Berlinale 2020: Movies That Should Be On Your Agenda

A little bit less than a month – and the 70th Berlinale is upon us! This time with a new head – Carlo Chatrian from Locarno as artistic director and Mariette Rissenbeek as executive director – new heads of the festival sections and even a new competition section – ‘Encounters’ with 15 innovative movies that think outside the box – this year’s Berlinale definitely seems an improvement.

On Wednesday 29th January, Chatrian and Rissenbeek unveiled the identity of all 18 competition movies and proclaimed that this Berlinale does not have a motto. Instead, the competing movies seem to be united by three trains of thought: 1. The return of festival regulars 2. Preference to duos over single directors and 3. The dark night of the soul as a theme. As always, it takes some time and effort to wade through the festival booklets. However, before you dive in headfirst, these movies may be worth putting on your agenda.


Berlin Alexanderplatz (Burhan Qurbani)

This will be a big one. One of three competition movies that plays in Berlin or is about Berlin (purely incidental, says Chatrian), Qurbani’s take on Alfred Döblin’s famous novel updates the protagonist and the setting. Franz Biberkopf turns to illegal African immigrant Francis, played by Welket Bungué, on his arduous way to live a good life in Europe. Which of course, is not as simple as it may be, in a world that is “böse”.


First Cow (Kelly Reichardt)

One of the gentler entries, the eighth movie by American director Kelly Reichardt features Toby Jones, the amazing Alia Shawkat (Animals) – and a glorious cow. A rural tale of friendship in the Pacific Northwest of the nineteenth century, the movie premiered to critical acclaim at last year’s Telluride festival. And if it’s anywhere as heart-breaking as Wendy and Lucy, we are sold!


El Prófugo (Natalia Meta)

Argentinian Natalia Meta brings a genre (and gender-) bender to the table, a psychosexual fantasy with a strong female protagonist who is a dub artist and a singer. The contemporary film noir takes a look at how we perceive others while the trailer peppered with dead exs and demonic organs is just enigmatic enough to promise one hell of a ride. Also, Cecilia Roth is on board, which shouldn’t hurt.


The Roads Not Taken (Sally Potter)

By far the most star-studded entry, this father-and-daughter story follows Javier Bardem and Elle Fanning through a day in New York and ponders the many lives a man lives or could have lived. Salma Hayek and Laura Linney complete the high-profile cast.


Siberia (Abel Ferrara)

Honestly, the name Ferrara should already be an argument. Originally planned to compete in last year’s Venice Film Festival, Ferrara’s movie is funded by a Kickstarter campaign and takes inspiration in Carl Jung’s The Red Book. The non-narrative movie follows William Dafoe as he takes an introspective voyage in a mountain cabin. Ferrara described it as “a mix of The Odyssey and Alice in Wonderland”.


Undine (Christian Petzold)

Another Berlinale regular, Petzold returns, hot on the heels of last year’s success with Transit. Casting duo infernale Paula Beer and Franz Rogowski again, his movie Undine is a history of Berlin and the city’s waterways. The elemental being Undine has seen different adaptation in literature throughout the centuries, one of the last being Ingeborg Bachmann’s work. Petzold’s movie literally takes a plunge into the subject – most of it has been filmed underwater. A fairy tale worth discovering.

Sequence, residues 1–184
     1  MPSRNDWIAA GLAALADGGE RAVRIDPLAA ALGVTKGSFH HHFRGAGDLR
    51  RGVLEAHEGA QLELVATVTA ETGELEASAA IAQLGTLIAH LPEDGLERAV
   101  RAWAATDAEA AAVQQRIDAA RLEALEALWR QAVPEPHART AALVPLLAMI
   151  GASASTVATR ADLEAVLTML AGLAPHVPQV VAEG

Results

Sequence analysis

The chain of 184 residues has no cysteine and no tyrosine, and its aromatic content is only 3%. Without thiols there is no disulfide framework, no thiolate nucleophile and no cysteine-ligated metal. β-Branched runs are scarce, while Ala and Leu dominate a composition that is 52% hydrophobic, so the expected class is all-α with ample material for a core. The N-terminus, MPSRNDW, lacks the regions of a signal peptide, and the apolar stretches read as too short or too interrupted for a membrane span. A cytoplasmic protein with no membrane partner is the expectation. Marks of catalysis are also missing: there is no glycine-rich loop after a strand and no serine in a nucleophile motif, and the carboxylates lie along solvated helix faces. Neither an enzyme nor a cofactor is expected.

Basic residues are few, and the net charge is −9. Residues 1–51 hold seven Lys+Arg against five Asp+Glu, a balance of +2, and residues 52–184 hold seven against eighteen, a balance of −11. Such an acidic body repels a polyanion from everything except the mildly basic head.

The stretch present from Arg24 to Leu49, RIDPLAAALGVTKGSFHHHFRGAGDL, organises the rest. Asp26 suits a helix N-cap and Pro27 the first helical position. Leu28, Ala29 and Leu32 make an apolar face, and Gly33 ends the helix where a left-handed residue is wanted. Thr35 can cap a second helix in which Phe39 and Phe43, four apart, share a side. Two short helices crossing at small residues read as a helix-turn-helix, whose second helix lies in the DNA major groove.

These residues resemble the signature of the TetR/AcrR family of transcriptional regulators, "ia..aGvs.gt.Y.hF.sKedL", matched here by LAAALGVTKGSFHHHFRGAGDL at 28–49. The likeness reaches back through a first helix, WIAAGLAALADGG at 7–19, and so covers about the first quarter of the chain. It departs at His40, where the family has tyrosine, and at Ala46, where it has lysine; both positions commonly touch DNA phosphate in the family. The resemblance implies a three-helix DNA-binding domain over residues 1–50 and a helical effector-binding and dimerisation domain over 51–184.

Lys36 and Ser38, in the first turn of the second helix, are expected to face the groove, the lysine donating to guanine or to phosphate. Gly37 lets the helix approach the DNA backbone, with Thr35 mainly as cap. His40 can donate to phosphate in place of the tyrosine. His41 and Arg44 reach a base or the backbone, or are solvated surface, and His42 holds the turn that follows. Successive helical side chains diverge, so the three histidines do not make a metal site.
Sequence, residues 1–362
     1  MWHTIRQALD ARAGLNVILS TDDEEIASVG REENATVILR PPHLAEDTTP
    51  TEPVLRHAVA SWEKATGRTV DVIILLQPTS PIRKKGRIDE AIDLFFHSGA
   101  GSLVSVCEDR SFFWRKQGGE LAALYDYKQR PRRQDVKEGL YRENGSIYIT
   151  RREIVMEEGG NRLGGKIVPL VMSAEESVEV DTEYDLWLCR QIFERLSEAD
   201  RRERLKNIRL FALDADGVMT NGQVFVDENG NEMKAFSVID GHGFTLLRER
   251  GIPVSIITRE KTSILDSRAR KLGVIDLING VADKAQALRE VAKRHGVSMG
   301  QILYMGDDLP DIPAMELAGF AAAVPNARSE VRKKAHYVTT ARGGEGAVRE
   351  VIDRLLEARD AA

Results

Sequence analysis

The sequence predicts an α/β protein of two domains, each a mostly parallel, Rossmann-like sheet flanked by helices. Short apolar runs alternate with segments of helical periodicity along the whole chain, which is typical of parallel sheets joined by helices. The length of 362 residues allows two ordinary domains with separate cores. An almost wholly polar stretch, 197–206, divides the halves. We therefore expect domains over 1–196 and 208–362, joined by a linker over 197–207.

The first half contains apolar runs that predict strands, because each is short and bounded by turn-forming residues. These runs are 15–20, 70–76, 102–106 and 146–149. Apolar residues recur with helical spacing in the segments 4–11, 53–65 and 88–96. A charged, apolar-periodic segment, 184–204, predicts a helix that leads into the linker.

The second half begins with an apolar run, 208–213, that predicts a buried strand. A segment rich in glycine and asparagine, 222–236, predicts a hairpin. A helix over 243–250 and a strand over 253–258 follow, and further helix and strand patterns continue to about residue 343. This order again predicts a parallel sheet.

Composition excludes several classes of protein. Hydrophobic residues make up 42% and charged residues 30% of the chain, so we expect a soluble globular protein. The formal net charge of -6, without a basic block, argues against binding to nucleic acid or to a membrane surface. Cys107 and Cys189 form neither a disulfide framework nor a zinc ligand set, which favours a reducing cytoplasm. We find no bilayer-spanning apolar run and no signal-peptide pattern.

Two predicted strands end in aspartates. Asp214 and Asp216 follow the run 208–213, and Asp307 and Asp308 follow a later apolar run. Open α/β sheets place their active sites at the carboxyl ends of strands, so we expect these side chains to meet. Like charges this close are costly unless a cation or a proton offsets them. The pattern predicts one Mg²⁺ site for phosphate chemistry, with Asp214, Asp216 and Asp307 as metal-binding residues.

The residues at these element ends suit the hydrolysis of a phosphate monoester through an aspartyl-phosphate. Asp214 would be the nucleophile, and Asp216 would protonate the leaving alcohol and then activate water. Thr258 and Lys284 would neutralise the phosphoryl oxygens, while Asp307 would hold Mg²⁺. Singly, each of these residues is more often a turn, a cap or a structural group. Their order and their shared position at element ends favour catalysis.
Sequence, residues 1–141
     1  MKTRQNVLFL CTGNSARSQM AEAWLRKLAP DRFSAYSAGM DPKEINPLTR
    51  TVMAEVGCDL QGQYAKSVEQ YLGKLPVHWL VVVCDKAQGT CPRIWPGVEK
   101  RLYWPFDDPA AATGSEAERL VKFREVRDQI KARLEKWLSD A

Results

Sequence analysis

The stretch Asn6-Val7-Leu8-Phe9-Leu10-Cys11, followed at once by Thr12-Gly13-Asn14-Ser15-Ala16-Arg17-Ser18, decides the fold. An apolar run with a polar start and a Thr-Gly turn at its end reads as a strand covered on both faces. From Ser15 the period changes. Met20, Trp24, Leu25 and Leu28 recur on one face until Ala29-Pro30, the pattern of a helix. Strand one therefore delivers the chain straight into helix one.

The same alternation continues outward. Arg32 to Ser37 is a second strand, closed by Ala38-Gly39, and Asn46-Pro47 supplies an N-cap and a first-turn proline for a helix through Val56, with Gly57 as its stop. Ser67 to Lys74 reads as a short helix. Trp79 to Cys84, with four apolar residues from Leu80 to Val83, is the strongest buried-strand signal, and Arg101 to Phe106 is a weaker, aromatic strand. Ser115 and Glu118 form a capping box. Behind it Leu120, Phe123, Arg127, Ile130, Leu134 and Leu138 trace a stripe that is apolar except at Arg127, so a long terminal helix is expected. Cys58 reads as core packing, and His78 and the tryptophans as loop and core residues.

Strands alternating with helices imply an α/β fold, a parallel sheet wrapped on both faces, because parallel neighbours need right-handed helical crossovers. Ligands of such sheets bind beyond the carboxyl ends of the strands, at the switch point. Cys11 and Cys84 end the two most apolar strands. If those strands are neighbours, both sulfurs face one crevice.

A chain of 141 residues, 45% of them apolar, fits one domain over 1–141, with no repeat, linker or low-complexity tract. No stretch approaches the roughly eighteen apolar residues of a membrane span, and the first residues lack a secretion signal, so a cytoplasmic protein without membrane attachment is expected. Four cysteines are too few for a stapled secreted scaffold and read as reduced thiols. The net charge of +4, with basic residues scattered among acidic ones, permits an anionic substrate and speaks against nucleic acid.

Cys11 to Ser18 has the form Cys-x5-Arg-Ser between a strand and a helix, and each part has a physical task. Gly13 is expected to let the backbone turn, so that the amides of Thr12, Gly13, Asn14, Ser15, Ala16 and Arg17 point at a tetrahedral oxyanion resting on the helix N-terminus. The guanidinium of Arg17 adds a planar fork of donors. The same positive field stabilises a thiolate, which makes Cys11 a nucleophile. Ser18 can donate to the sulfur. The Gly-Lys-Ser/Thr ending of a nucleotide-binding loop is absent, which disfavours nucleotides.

My Salinger Year (Philippe Falardeau)

Surprise: The opening movie for this year’s Berlinale is not part of the official competition. This is partly, as Chatrian explains, to take away the pressure, and partly because the festival needed something lighter to kick off things. My Salinger Year, directed by Philippe Falardeau is an adaptation of Joanna Rakoff’s bestselling novel and a coming-of-age story of graduate Joanna (Margaret Qualley) that gets hired to answer J. D. Salinger’s fan mail, a job that some of us would likely kill for. One for the books.


The Eddy (Damien Chazelle)

Moonlight darling André Holland and ‘Cold War’ star Joanna Kulig play in Chazelle’s Netflix series The Eddy which sees the director add another charming tune to his musical repertoire. Set in Paris, the eight episodes will revolve around a failing jazz night club and the return of the main character’s 15-year-old daughter. Music by Glen Ballard (six Grammys) and Randy Kerber (collaborator on La La Land). Watch two of the show’s episodes in the gorgeous Zoo Palast!


Stateless (Emma Freeman)

Cate Blanchett? Producing and starring in an Australian TV drama? Say no more!


The Assistant (Kitty Green)

Three years ago, Kitty Green’s searing documentary Casting JonBenet was one of the highlights of the 2017 Panorama section. Now she returns with the Weinstein-inspired The Assistant, which chronicles a day in the life of a film industry assistant dealing with just way more than a human being could take. Ranked at 84% on the Rotten Tomatoes’ Tomatometer and led by a well-received central performance by Julia Garner, this #metoo-movie is surely not to be missed.


Nicht Der Homosexuelle Ist Pervers, Sondern Die Situation, In Der Er Lebt (Rosa von Praunheim)

A Berlinale experience would not be complete without at least one gay movie. So why not take a look back with this 1971 German queer classic by Rosa von Praunheim: It Is Not the Homosexual Who Is Perverse, But the Society in Which He Lives?

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